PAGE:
Date: Sun 27 Jul 2003 - 20:50:18 GMT
In a message dated 7/24/2003 12:34:49 AM Central Daylight
Time, Keith Henson <email@example.com> writes:
> (Snip to get under size limit)
> >>Memes, at least the abstract information model I prefer, don't
> >>"self-replicate" either. Takes a copy machine at least, even if you
> >>count the humans in the loop (which you should since they made the copy
> >>Point being that the *only* common thing I can see in any "replication"
> >>making copies of the *information*. The media in brains, on paper, or
> >>tape, in which a meme is encoded is never exactly the same. Even DNA
> >>replication seldom makes an "exact" material copy since the copies
> >>distinguished by different isotopes of the elements in the base pairs.
> >>unless there has been a mutation, the genetic *information* is exact
> >>between copies. Same way the information of 3 balls and 4 strikes is
> >>in millions of books and brains.>>>
> >Self-replication does not mean replication without any external help. It
> >simply means that the existence of the replicator in its necessary venue
> >tends to cause more copies of that replicator to exist in the future than
> >there would be if it didn't exist in the present.
> >Are we getting closer?
> "Tends to cause" is darn close to Aaron's "Self." When you get down to
> "existence of the replicator" being all you need, it is such a weak
> requirement that I have no problem with it.
I have included an explicit definition of the word
"replicator" in the current version of my paper "Units, Events, and Dynamics in the Evolutionary Epidemiology of Ideas" at http://www.thoughtcontagion.com/UED.htm . The definition reads, simply:
REPLICATOR: An item whose instantiation depended critically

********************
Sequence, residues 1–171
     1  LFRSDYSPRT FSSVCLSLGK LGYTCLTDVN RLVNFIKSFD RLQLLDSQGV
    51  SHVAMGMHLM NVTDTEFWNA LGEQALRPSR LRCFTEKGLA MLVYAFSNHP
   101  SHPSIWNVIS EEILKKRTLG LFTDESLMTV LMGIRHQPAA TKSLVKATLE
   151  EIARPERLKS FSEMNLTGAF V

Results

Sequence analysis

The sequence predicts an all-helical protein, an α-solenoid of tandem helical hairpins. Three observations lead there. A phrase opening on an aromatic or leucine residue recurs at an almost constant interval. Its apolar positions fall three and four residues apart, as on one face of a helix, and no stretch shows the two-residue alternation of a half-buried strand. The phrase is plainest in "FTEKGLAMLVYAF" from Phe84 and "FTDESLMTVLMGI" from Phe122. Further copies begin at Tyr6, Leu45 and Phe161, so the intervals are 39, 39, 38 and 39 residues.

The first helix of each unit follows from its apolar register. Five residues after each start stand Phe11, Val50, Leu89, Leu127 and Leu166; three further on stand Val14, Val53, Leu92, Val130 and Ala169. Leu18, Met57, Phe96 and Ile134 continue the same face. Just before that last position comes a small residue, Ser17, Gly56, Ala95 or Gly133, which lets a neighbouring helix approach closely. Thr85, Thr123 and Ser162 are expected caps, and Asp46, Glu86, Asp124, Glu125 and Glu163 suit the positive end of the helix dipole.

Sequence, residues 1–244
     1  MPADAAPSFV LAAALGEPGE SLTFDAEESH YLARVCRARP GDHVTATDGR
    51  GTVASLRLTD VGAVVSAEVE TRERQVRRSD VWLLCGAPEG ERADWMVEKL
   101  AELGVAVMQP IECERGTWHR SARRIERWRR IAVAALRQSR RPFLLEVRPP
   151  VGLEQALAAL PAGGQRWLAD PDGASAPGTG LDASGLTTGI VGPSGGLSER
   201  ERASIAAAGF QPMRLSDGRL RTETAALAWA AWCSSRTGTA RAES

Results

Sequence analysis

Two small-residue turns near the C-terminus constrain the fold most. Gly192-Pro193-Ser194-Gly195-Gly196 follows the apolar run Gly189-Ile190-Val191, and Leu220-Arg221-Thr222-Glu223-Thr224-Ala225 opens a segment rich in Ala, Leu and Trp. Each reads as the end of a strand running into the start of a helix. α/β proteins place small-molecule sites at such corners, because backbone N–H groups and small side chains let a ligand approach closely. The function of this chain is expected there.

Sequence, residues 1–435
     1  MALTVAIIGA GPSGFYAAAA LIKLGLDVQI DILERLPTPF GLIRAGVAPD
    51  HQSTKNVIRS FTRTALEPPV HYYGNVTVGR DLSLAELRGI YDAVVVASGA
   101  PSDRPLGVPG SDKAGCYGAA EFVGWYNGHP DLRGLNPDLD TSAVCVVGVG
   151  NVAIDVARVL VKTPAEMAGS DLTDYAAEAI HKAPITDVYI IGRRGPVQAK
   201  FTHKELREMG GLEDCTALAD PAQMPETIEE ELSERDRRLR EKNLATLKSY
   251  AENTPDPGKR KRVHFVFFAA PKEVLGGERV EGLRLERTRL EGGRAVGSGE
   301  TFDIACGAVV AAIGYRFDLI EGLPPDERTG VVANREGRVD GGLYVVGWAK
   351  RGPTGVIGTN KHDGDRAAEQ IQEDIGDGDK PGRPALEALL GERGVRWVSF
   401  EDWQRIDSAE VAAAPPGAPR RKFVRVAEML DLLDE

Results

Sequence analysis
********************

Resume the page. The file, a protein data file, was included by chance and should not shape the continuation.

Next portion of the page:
on causation by prior instantiation of the same item.
There is also some discussion of the role of abstractions,
or sameness criteria, in deciding whether two things are
"the same" and hence also in deciding if something has resulted from replication.
Note that some instances of "the same item" may count as
replicators and others not. In early precursors to life,
there may have been some instances of a molecule whose
instantiation depended on prior occurrence of the same
molecule (as by catalysis), and other instances that formed
by other processes. (The latter could be called
"heteroderivative" in the terminology of my paper, and previous papers.) When replication happens often enough, the homoderivative instances come to predominate.
Replicators of one type can also have co-replicators of
another type, as when a belief and a chain-letter that
imparts that belief co-propagate. On the other hand, the
causal pathway from one instantiation of an idea to the
next can also be lengthy and varied, without being
dependent on just one single kind of artifactual or
behavioral co-replicator. Parents may, for instance, use a
method of leading their children to have a subjective
experience of "discovering for themselves" what the parents
"already knew." But if the idea that the parents "already knew" played a crucial causal role in leading the parents to lead their children to have a subjective experience of
"discovering for themselves" the same idea, then the idea still counts as a replicator. This even if the idea is conveyed without explicit articulation or being represented in some artifactual information medium such as paper, computer disk, sculpture, etc. Causal analysis of the replicator and chain reaction replication events can still proceed in such cases.
> What surprised me is that nobody corrected my accidentally mutated
> meme. Probably because it is so well ingrained that you read it right
> I had written it wrong.
No problem. We have learned to play mutant baseball, and
are inculcating others.
> Keith Henson
> >Richard Brodie
Thought Contagion Science Page:
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